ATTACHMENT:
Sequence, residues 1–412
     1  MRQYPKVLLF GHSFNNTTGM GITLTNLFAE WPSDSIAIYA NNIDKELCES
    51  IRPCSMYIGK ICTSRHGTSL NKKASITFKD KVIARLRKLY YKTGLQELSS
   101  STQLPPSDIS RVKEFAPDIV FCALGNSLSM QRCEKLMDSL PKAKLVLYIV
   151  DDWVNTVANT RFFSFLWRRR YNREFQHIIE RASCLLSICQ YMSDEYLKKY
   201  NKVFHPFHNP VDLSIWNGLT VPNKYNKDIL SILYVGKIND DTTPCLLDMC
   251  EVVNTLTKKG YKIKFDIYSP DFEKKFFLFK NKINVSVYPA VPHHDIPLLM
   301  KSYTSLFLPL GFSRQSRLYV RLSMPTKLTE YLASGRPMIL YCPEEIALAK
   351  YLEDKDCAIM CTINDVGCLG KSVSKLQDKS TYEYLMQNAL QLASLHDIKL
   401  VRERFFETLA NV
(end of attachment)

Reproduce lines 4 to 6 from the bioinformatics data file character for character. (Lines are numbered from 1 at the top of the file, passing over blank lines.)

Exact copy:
   101  STQLPPSDIS RVKEFAPDIV FCALGNSLSM QRCEKLMDSL PKAKLVLYIV
   151  DDWVNTVANT RFFSFLWRRR YNREFQHIIE RASCLLSICQ YMSDEYLKKY
   201  NKVFHPFHNP VDLSIWNGLT VPNKYNKDIL SILYVGKIND DTTPCLLDMC